Wednesday, October 17, 2007

The Purple Balloon

What Adrienne Thinks About That reviews The Purple Balloon, by Chris Raschka and addresses one of the hardest things to talk about: untimely death. Adrienne writes,

Overall, this has the hallmarks of a book for the youngest children—bold images, simple text, clear type. I think the reader can enter what’s really going on here, though, through the line, “Dying is hard work....” If you have spent any kind of time with someone who is dying, then you know that dying is hard emotionally, but work? People who are dying get angry and frustrated and sad and scared; most often, they don’t want to die. Physically, though, and, ideally, emotionally, death becomes a process of giving in to the inevitable, the soul surrendering to what the body demands. That is not work. Trying to live when one’s body is ill is work; dying isn’t. Dying is a lot of work, though, for the people who are watching and caring for the dying person—in this case, this book’s real audience, adults.

8 comments:

adrienne said...

Thanks for quoting me!

For the Department of Serendipity, I had a patron in yesterday looking for books for kids about death. Those questions always make me want to cry.

Alkelda the Gleeful said...

Adrienne, Blogger just ate my reply. In essence, I wrote about a story my mom told at church years ago that was both simple and powerful, and was a more effective (to me) story about dealing with the death of a child than anything I've yet read.

jules said...

I loved that post.

And I'm saying hi (and I will answer your email soon. I don't like to answer in a hurry, so I'm gonna wait 'til I have more than 30 min. to sit at the computer) :)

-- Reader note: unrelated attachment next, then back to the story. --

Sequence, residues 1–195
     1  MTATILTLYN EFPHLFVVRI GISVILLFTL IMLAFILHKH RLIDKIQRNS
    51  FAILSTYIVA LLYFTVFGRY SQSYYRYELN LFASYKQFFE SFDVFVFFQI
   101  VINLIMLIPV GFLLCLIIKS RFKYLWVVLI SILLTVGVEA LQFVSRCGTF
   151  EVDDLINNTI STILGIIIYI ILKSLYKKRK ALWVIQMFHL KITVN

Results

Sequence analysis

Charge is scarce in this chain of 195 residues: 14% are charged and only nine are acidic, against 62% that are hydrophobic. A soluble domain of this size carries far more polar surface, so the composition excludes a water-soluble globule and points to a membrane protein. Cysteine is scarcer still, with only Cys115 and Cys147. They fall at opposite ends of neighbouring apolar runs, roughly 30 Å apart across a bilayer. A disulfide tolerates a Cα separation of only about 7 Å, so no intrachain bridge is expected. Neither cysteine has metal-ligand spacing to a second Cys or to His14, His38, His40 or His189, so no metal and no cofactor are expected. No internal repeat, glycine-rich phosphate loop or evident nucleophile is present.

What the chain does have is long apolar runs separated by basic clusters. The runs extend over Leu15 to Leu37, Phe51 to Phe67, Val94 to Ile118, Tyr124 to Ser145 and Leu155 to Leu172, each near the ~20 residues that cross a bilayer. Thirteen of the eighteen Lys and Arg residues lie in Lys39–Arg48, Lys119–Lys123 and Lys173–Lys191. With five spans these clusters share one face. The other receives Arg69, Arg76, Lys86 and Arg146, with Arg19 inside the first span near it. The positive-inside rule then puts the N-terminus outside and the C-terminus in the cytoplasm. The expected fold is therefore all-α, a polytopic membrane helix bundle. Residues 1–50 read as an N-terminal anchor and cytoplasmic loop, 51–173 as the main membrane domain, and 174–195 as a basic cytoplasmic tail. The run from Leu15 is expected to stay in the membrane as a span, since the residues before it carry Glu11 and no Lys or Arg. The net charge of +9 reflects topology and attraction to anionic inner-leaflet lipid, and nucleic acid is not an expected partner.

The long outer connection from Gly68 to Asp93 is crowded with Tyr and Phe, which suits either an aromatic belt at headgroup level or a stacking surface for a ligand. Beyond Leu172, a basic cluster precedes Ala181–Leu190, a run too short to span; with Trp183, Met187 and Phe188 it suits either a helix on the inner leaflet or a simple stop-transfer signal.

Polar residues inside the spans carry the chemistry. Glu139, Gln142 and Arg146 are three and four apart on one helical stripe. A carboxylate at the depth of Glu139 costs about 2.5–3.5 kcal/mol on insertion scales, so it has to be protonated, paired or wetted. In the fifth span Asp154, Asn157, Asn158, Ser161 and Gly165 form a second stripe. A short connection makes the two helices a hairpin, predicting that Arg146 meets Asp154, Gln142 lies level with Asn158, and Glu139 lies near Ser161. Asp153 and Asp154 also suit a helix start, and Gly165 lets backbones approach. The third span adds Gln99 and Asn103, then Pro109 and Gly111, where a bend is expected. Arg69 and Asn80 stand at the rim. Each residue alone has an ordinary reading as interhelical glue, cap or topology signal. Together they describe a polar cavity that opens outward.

Lone Star Ma said...

Friends of our family lost a child over ten years ago and I remember looking for books on funerals for their surviving children. I didn't really find any.

Noodle said...

Thank you so much for sharing this. While my dad's death won't necessarily be "early" or "untimely," it will be hard for all of us.

We've had a very emotional time lately, and while he has been granted a reprieve, we all know that it is only a reprieve.

adrienne said...

As a wise friend of mine said, loss is always loss, no matter when or how it happens. One of our elderly family members is in serious condition in the ICU at the moment; this will very likely be her last ailment. I think of the long and beautiful life she's led, and it's a comfort--but that won't make me miss her any less.

HipWriterMama said...

I'll have to go check this out. Sounds like something I wish I had to read when my incredible nephew, Michael, passed away a few years ago.

Alkelda the Gleeful said...

Wow, I'm really glad I posted this. Adrienne, I hope you're reading all of the comments!